Fay writes Alice another letter from Cairns, this one dated December. Fay sets out to inform Alice about Jane Austen’s life, beginning with her childhood. Fay relates that Austen was the youngest of eight children of a clergyman in Hampshire, England. Noting that many books about Austen paint her family as idyllic, Fay believes instead that their life together was as complex and gritty as any modern family. Still, Fay describes the Austen family as well-read, intelligent, and affectionate with one another. The family lived in a small town called Steventon, which may seem isolated by modern standards but was relatively close to London. Fay speculates that the Austens may have traveled often to the city and other nearby towns.
Expressing her suspicion that the Austen family could not have been as idyllic as some biographies would suggest, Fay hints that history is not as far-off or simple as one might imagine. Rather, it has all the nuance and reality of the present, and Fay argues that modern observers have a duty to respect that complex truth when looking at historical figures.
Fay goes on to contend that Austen probably knew a fair amount about politics and international relations, but that the Church would have instructed her to worry more about the afterlife than the ills of her society. Fay points to Austen’s interest in her own definitions of morality as evidence that she was “socially aware” by the definitions of her own time, if not by the definitions of the present day.
Again, Fay points out that Austen’s work should be evaluated in the context of her own time’s values. Additionally, by making morality and social awareness a key part of her analysis of Austen, Fay returns to the theme of the author’s moral responsibility and suggests that this kind of leadership is an essential aspect of true authorship.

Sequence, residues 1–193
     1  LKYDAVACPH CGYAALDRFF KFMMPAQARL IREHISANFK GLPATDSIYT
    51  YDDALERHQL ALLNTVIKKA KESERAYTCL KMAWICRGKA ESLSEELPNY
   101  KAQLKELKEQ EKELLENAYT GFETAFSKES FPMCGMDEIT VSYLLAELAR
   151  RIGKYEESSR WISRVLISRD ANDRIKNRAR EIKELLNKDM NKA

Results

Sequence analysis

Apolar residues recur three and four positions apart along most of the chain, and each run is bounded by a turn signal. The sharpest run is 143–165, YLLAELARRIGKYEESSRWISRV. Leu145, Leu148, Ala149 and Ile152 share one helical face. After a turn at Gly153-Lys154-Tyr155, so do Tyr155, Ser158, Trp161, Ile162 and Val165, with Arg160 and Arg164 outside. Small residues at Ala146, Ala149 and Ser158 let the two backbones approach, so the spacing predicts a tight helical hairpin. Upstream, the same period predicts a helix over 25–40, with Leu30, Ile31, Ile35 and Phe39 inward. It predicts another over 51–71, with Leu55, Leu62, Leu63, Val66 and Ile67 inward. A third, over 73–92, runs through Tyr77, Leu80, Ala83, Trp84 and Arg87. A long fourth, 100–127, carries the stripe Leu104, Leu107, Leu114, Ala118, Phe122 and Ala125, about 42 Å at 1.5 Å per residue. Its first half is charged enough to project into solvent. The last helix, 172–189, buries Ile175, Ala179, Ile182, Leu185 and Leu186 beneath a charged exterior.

Fay also tells Alice the details of Georgian parenting practices, including sending children out of the home to be nursed or even raised through childhood. Fay notes that Jane Austen’s sister Cassandra was two and a half years older and known to have a temper, and then she goes on to tease Alice about Alice’s own childhood attempt to drown her new baby sister. Children, Fay concludes, are the same now as they were in Austen’s time, but there may have been less of an effort to save them from each other back then.
Pointing out the possible similarities between Austen’s childhood and Alice’s, Fay again emphasizes that history is as much a living reality as the present. This connection between literature and real life is also an example of the book’s constant blending of multiple realities, in which fact and fiction overlap and reflect each other.
When Jane Austen and her sister Cassandra were children, they were sent away to be educated by an older widow, in whose care they both became very sick. They returned home with their parents soon thereafter but were then sent away to another boarding school. Fay speculates that such early trauma may have influenced the Austen girls’ development, but she believes that the Austen parents would not have viewed these experiences as traumatic.
Fay’s description of the Austen sisters’ early separation from their family subtly mirrors the hints that she provides about her own childhood with Enid. Fay suggests that a fractured family is a form of trauma and seems to demonstrate, through her letters to Alice, how literature might be a way of healing such real-life wounds.